"No ... it's too dangerous. You can answer for yourself, but you can't answer for Arthur."
"Oh, if you loved him as you say you do ... as I believe you do ... wouldn't you trust him? I'll talk to him. I can tell him anything. I'll tell him exactly how things stand. I'll tell him what I've promised you. Only don't take him away from me altogether. I couldn't bear it ... I couldn't." She turned back on herself. "Why won't you believe in him?"
"You should know why that's impossible. Haven't I told you his history? You've only known him for a year. I've had him for seventeen and loved him all the time." She became almost passionate. "He's my son. And all those years my love has been full of the awful bitterness of his trouble. The tears! The disappointments! You know nothing of them. You can't realize how I've struggled and schemed and had my hopes raised and dashed to the ground ... time after time. To see the person that you love best in the world, a part of your own body, living without a soul: a thief, a liar--that's the plain truth--inhuman and cruel ... But you know as well as I do what he was."
"I do know what he was."
"And now, thanks to your husband--God knows I'm grateful!--he's better. He's what I knew he ought to have been all these awful years. And then you come on the scene--you, who've borne nothing of all the years before--and begin to drag him down again. You must be mad to think I could risk it!"
"But don't I know all this? Do you think I'm less anxious than you are that he should stay as he is? Only trust me ... trust me! His future ... think of that...."
Mrs. Payne laughed bitterly, but Gabrielle persisted.
"His future ... My husband says that he can make a success of him. He can take a high place in a Government examination; he can get into the diplomatic service. Just believe that I love him too much to stand in his way. Why, I can even help him. If he does this I know that he'll want influence. _You_ haven't influence to help him. I don't want to belittle you, but I know you've nothing but your money, while I _can_ help him. My cousin is Lord Halberton. He's been a Cabinet minister. There's no knowing what he mightn't do with his help. If you love anyone as I do him, why shouldn't you give your life to his interests? That's what I'd do. I'd think of nothing else. I'd give all my thoughts to him. And I promise ... oh, I promise faithfully, that I won't let him love me ... if only you'll let me love him."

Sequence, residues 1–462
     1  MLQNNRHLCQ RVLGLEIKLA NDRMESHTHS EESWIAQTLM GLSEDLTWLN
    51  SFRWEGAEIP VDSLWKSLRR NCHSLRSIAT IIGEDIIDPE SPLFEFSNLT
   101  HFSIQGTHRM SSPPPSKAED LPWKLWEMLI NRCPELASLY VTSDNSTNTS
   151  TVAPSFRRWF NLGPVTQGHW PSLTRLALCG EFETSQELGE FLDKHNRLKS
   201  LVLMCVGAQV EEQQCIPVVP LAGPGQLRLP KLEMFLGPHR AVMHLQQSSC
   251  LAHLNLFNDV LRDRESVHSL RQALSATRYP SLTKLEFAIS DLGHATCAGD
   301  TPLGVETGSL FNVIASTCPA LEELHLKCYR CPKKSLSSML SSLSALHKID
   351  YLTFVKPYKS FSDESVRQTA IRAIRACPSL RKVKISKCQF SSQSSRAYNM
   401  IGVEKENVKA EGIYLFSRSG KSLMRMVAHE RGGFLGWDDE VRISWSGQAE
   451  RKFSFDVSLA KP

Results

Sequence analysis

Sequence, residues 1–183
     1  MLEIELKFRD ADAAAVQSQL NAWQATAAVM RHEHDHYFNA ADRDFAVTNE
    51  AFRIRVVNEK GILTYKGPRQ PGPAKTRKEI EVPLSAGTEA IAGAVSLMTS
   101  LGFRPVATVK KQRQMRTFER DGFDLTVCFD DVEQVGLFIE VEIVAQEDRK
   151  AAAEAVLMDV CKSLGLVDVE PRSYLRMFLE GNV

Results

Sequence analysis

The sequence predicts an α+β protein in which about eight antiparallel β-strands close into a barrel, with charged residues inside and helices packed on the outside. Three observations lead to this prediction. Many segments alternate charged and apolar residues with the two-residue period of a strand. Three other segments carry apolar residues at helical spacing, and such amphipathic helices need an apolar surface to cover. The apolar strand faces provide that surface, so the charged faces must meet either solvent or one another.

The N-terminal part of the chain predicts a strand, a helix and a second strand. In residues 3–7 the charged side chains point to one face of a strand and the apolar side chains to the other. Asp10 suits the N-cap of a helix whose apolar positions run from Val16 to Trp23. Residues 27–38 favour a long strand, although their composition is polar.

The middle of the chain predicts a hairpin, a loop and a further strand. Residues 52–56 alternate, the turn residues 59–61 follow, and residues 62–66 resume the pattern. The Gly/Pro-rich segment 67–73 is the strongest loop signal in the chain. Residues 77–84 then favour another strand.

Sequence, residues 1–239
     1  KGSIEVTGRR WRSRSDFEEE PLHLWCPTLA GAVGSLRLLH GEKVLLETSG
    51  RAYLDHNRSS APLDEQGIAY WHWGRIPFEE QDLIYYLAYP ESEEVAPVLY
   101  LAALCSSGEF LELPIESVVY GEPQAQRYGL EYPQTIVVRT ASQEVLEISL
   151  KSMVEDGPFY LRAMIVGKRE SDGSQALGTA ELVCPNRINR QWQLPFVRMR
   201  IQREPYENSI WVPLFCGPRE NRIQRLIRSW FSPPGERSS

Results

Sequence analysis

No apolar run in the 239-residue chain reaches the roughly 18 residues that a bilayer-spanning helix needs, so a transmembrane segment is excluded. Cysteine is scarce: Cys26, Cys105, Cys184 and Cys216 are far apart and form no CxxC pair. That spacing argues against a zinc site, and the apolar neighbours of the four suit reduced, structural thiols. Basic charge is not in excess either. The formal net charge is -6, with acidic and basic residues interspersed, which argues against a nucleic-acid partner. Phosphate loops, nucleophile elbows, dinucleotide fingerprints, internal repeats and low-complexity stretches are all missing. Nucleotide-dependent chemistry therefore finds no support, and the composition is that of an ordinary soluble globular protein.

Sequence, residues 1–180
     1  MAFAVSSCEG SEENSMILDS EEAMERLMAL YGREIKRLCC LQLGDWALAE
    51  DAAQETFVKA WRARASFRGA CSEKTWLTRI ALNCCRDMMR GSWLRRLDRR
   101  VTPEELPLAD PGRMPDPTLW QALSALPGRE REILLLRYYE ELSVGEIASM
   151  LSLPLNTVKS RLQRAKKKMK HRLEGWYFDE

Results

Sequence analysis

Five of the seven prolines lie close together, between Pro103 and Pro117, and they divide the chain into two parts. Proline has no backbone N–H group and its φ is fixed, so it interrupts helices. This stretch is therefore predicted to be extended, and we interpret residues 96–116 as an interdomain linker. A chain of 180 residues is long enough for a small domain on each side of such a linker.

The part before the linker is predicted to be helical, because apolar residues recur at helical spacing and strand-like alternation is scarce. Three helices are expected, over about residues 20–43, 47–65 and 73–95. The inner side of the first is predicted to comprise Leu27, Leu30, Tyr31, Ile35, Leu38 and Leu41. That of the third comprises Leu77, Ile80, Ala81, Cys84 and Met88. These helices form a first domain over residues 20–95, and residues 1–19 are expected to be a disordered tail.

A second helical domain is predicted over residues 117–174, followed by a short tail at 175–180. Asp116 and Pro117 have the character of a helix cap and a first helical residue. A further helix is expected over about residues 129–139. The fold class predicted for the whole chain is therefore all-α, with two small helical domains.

Mrs. Payne stiffened. "You're trying to bribe me," she said, "and I'm not the kind of person who can be bribed. I don't care that much about his future! Until the last month I never so much as dreamed that any future of that kind was possible. It's quite enough for me that he should settle down here into the sort of life that his father would have lived if he'd been spared. I don't want to share his successes with you...."
"Ah, you're jealous!"
"Of course I'm jealous. I've reason to be. He's mine. But even if I could trust you ... and I believe I could ... Arthur's future wouldn't tempt me to risk his present. No ... it's too dangerous."
"Dangerous..." Gabrielle clutched at the word. "Dangerous!" She became suddenly quiet and intense. "I don't believe you know where the danger lies," she said.
"I can see the most obvious danger, and that's a love affair with a married woman."
"You can't see any other? You said just now that Arthur had changed thanks to my husband. Perhaps my husband took the credit for it and you believed it. But it isn't true. I've seen the change coming hour by hour, day by day. Every moment of it I've watched and treasured. He did not change because he worked with my husband. He changed because I loved him and he loved me. I know it ... I've known it all the time. What did your love do for him in all those years? Nothing ... nothing at all. For heaven's sake don't think I'm boasting! Your love never changed him a hair's breadth, and you know it!"